who do you want to become?

Two interesting thoughts to share:<p>

(1) If you’re into coaching, here’s an interesting article from the Harvard Business Review (I’ll attach as a file in case you can’t open the link):

“If You Want to Get Better at Something, Ask Yourself These Two Questions” – https://hbr.org/2018/11/if-you-want-to-get-better-at-something-ask-yourself-these-two-questions

Just so you know, the questions are: (1) Do you want to do better? and (2) Are you willing to feel the discomfort of putting in more effort and trying new things that will feel weird and different and won’t work right away?  In my experience, almost everyone will answer “yes” to question #1, but most would answer “no” to question #2, due to a combination of the amount of potential effort required, the increased level of discomfort, and/or the lack of patience/persistence.

(2) Last week, I watched a business marketing video by Michael Schrage; in the video, he asked the question: Who Do You Want Your Customers to Become?  As I watch the video, it made me think, at least for us in higher education, to explore this question:

  • Who Do You Want Your Students to Become?
In a broader sense, this question also made me think about my own life – Who do I want to become?

In a 2-hour presentation/workshop for 160 15-17 year-old Hispanic/Latino students and 30-40 college-aged peer mentors, I started off with the question, “Who do you want to become?”  As we went through the session, I had them revisit this questions time and again, with the hope of getting a clearer sense through the three activities they had to do (40 Kick-Ass Questions About Life, the Value Tags Assessment, and writing a Mission Statement).  Needless to say, a few shared some pretty powerful mission statements that described how they would like to serve the world.  Their homework was to identify how their answers to the various activities would lead to at least one Educational, Experiential, Employable, and Entrepreneurial endeavor.  Just planting seeds, my friends, planting seeds.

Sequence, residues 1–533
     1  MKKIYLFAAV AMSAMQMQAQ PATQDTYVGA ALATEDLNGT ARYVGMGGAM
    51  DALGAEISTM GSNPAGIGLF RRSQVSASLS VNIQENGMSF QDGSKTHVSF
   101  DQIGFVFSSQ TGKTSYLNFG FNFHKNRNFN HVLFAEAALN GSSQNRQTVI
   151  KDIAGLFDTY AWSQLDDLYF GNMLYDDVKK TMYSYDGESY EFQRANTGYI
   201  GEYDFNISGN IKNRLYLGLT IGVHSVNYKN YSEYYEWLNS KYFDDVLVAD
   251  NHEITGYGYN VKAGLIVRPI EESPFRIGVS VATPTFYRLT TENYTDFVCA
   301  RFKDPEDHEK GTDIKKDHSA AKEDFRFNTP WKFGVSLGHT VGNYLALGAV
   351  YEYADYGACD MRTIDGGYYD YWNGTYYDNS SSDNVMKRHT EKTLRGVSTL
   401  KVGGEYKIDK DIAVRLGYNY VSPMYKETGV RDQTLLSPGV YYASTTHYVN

So, if you have time, ask yourself:

  • Who/What do YOU want to become?
  • Who/What do you want YOUR STUDENTS to become?

If you find those answers, then it’s a great day!

Here’s what I came up with:

For the students that I work with, I empower them to optimize their lives so that they become the best version of themselves to serve something bigger than themselves in order to make the world a better place.  Although graduating college is one of the goals, it’s my goal that each and every students has the power to dictate how they want their lives to look like instead of following a prescribed plan that may or may not work.

For me, it’s a little harder to answer.  I want to become someone who made a difference in the lives of others by sharing my gifts with the world, whether it’s through coaching, guiding, trainings, workshops, etc.  Let’s start there…